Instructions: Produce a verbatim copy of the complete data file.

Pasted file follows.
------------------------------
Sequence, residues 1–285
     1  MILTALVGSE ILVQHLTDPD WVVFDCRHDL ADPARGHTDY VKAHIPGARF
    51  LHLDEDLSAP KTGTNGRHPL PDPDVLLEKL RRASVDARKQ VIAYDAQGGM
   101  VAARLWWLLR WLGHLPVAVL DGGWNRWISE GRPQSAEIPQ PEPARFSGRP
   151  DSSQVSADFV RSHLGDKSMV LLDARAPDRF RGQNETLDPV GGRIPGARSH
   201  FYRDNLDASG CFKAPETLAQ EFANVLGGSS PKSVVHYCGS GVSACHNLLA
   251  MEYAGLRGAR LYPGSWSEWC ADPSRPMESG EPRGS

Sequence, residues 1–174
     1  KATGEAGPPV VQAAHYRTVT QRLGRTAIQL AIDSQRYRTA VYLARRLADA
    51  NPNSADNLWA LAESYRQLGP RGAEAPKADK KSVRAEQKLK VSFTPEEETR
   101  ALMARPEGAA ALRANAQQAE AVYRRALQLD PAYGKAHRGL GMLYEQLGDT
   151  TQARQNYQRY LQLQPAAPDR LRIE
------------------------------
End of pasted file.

Sequence, residues 1–285
     1  MILTALVGSE ILVQHLTDPD WVVFDCRHDL ADPARGHTDY VKAHIPGARF
    51  LHLDEDLSAP KTGTNGRHPL PDPDVLLEKL RRASVDARKQ VIAYDAQGGM
   101  VAARLWWLLR WLGHLPVAVL DGGWNRWISE GRPQSAEIPQ PEPARFSGRP
   151  DSSQVSADFV RSHLGDKSMV LLDARAPDRF RGQNETLDPV GGRIPGARSH
   201  FYRDNLDASG CFKAPETLAQ EFANVLGGSS PKSVVHYCGS GVSACHNLLA
   251  MEYAGLRGAR LYPGSWSEWC ADPSRPMESG EPRGS

Sequence, residues 1–174
     1  KATGEAGPPV VQAAHYRTVT QRLGRTAIQL AIDSQRYRTA VYLARRLADA
    51  NPNSADNLWA LAESYRQLGP RGAEAPKADK KSVRAEQKLK VSFTPEEETR
   101  ALMARPEGAA ALRANAQQAE AVYRRALQLD PAYGKAHRGL GMLYEQLGDT
   151  TQARQNYQRY LQLQPAAPDR LRIE